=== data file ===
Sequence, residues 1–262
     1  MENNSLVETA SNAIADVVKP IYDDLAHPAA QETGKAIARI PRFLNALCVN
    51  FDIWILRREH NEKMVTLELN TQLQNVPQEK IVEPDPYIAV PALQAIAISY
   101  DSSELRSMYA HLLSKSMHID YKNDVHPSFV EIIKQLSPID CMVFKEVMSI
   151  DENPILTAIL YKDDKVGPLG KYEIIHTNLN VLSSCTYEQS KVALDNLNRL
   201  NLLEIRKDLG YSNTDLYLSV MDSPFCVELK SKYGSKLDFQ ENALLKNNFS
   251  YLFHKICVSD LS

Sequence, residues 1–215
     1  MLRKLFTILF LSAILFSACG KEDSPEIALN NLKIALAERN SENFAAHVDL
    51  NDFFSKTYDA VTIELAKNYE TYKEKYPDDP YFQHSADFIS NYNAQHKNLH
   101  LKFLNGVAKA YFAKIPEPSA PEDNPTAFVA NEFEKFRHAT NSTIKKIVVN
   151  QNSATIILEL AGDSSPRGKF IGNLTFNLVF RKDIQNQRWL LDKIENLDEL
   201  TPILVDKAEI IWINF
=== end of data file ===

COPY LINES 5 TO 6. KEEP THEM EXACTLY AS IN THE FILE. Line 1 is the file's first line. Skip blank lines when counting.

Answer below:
   151  DENPILTAIL YKDDKVGPLG KYEIIHTNLN VLSSCTYEQS KVALDNLNRL
   201  NLLEIRKDLG YSNTDLYLSV MDSPFCVELK SKYGSKLDFQ ENALLKNNFS